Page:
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The American colonists were justified in doing this simply because their colonies had become too big and too important to be treated as a colony by the British. The British should have given the colonies some autonomy, but they did not. The analogy I like to use is that of teens and their parents. Parents have to give teens more independence as they grow up. If they do not, the teens may justifiably rebel.
The British were not, on the whole, brutal or oppressive towards the colonists. However, they would not let the colonists have much in the way of self-rule. This had been fine when the colonies were still small and economically weak. By the 1760s and 1770s, however, the colonies were "teenagers." They were big and strong enough to expect some autonomy. When Britain reacted to requests for autonomy by being more strict, the colonists were justified in rebelling.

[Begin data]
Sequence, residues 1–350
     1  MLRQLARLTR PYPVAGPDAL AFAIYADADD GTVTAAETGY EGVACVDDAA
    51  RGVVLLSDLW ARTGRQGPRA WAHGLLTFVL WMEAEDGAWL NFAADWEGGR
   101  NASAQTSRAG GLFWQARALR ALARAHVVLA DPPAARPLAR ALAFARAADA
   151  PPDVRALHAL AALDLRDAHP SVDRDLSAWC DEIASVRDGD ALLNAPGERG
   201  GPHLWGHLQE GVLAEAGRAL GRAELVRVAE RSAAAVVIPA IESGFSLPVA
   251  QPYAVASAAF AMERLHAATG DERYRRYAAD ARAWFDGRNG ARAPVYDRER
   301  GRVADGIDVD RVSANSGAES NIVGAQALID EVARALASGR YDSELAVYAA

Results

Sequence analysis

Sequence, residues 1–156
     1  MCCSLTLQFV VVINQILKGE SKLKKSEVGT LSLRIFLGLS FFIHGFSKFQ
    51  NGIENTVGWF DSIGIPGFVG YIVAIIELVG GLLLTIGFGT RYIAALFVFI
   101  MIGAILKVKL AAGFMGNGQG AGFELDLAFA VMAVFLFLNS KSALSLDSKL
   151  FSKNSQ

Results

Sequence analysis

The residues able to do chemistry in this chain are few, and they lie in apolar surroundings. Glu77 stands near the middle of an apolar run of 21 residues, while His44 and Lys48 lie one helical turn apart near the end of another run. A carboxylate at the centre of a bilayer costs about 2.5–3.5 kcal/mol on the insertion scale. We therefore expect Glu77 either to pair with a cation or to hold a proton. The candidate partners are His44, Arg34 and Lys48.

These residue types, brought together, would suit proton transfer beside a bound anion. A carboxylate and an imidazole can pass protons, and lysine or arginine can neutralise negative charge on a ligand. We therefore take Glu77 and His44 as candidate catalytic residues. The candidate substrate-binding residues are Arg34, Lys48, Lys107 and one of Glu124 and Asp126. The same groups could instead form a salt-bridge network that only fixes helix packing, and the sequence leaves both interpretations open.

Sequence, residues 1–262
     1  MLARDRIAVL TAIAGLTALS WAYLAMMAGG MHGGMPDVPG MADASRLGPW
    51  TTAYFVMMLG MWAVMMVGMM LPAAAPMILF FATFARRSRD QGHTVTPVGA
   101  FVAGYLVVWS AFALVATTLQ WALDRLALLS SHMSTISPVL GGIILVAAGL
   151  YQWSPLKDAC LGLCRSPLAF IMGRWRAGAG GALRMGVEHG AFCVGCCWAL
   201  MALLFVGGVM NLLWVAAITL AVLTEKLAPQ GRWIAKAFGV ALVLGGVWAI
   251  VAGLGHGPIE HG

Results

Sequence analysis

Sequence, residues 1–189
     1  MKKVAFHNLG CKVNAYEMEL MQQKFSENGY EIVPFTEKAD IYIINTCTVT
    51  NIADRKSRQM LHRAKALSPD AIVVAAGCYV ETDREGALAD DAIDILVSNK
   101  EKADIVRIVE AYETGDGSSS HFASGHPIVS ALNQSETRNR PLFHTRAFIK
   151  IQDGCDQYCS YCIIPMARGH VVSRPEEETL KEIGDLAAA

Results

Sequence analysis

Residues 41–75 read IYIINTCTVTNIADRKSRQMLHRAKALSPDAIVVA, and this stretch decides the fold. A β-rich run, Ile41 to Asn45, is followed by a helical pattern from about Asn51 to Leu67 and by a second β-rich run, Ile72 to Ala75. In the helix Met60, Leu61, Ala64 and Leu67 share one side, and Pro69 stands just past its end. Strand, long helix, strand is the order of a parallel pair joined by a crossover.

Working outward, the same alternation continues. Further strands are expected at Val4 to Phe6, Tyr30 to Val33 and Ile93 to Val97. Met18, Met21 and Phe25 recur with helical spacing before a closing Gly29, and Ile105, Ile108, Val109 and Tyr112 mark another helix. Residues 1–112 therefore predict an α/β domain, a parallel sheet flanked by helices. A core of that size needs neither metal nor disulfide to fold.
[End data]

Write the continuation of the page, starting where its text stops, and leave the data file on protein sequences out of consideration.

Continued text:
This question can be looked at from both sides. Many American colonists felt as though they were justified in waging war and breaking away from Britain. Jefferson, who wrote the Declaration of Independence, and other figures active in the American Revolution argued that John Locke's social contract, which stated that the monarch must follow the will of the people, justified the American break with its mother country. Britain was, many colonists felt, no longer following what the colonists wanted and was taxing them without giving them fair representation in British Parliament.
Britain, on the other hand, justified its reinforcement of the Navigation Acts and the taxes it levied on the colonies by arguing that these taxes were needed after Britain had defended the colonies during the Seven Years' War (also known as the French and Indian War, which lasted from 1756 to 1763). The British responded to American demands for direct representation in the British Parliament by saying that no one in Great Britain was represented that way in Parliament. While some people in the colonies wanted to stay tied to Great Britain, the Patriots won out after the Battles of Lexington and Concord in 1775.
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